Saturday Night: Robin Thicke At Arena Theatre

Robin Thicke Arena Theatre February 12, 2011

Is describing a show as an aural roofie politically incorrect? Because Saturday night's Robin Thicke show at the Arena Theatre seemed to put all the women in the crowd into a sexy soul-fog with a syrupy thicke-ness. We even stocked up on some pregnancy tests for ourselves later on this week, because he may have gotten our ears pregnant.

Robin Thicke can be best described as R. Kelly's sleazy white counterpart, or better yet, an X-Rated Justin Timberlake who would rather take you in a bathroom stall than wait for sexy to come back. Thicke also has an air of old-school jet-setting bachelorism about him, in spite of being married to bombshell Precious actress Paula Patton for going on six years.

The venue was thick, OK, teeming, with couples partaking in their pre-Valentine's nights out, with most guys no doubt dragged to the Arena out of pure devotion and promises of returned favors. But Thicke shouldn't just be for the womens; he's a great showman, even if most of that involves coming to the lip of the stage so women could grab his wedding tackle or stick their faces in his crotch.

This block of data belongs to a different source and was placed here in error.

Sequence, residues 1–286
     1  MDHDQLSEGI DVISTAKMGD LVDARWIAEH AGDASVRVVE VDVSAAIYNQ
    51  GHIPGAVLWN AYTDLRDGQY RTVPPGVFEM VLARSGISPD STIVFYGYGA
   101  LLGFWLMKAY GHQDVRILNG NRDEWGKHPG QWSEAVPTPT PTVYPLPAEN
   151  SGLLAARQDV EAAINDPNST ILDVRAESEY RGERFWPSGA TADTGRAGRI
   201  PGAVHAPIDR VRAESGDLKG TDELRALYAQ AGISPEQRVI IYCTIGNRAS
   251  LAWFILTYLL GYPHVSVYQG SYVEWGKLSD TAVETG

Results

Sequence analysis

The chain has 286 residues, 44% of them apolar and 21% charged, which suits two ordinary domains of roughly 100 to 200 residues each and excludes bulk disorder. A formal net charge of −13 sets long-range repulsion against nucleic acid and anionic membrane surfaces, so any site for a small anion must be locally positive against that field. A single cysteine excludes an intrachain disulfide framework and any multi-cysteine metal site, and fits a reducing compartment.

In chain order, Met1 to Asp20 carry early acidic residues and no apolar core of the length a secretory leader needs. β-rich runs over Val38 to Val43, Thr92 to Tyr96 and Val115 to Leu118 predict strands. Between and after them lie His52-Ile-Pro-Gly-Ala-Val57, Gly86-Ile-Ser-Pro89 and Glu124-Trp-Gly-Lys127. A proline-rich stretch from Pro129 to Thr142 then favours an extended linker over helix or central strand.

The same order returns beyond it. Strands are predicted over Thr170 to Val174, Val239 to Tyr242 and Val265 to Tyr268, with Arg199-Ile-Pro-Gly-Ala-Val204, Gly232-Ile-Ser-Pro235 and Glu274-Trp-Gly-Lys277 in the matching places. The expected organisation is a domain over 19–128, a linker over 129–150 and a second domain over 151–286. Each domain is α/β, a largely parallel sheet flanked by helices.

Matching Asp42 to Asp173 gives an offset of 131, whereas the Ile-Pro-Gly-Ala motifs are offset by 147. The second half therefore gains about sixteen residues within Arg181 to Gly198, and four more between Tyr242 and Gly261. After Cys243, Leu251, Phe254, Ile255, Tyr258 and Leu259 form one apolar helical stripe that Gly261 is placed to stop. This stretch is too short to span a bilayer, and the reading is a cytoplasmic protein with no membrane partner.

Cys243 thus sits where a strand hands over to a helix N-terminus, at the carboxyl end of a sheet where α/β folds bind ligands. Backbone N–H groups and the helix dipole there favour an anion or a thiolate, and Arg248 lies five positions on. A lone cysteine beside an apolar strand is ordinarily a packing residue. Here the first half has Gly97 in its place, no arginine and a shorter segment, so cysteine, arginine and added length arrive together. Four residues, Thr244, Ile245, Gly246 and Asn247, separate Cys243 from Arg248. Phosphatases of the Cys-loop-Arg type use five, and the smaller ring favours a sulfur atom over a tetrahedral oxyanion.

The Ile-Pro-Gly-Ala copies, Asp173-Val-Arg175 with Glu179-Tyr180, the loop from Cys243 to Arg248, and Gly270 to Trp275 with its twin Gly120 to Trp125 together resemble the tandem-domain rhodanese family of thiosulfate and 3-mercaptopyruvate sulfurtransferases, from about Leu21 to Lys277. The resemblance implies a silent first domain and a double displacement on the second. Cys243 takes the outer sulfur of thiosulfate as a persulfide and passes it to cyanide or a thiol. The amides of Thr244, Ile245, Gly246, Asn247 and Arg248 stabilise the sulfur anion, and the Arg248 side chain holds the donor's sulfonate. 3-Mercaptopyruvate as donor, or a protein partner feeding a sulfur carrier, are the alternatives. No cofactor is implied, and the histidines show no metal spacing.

He's an adept performer on piano and blessed with a creamy falsetto that is practically lady-bait.

Opening with "Magic", the man laid to waste his assembled crowd. Mixing that suave swagger, clothed in a sharp suit and tie, he was on point from cut one. The parade of women to the stage started soon after, reaching an early apex during "Shakin' It 4 Daddy" from 2009's Sex Therapy, which featured on record an early guest spot from newly-crowned R&B queen Nicki Minaj.

Thicke's "Cocaine" isn't quite the JJ Cale-cum-Clapton version, but an ode to the powder just to the same. It could have come from a Curtis Mayfield album, or at least been on a really underrated David Bowie LP. The allegories between women and cocaine are more than evident on the cut from 2006's The Evolution of Robin Thicke.

The sex and grind were tempered with a few piano-led spiritual blasts from Thicke and his band, including "Complicated," "Angels" and "2 The Sky" which ventured into John Legend territory. They were good detours, and awesomely creepy coming around straight-up bedroom jams.

Well, God did create sex, so what's the fuss? It's actually better than most things he ever laid a hand on.

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Craig Hlavaty
Contact: Craig Hlavaty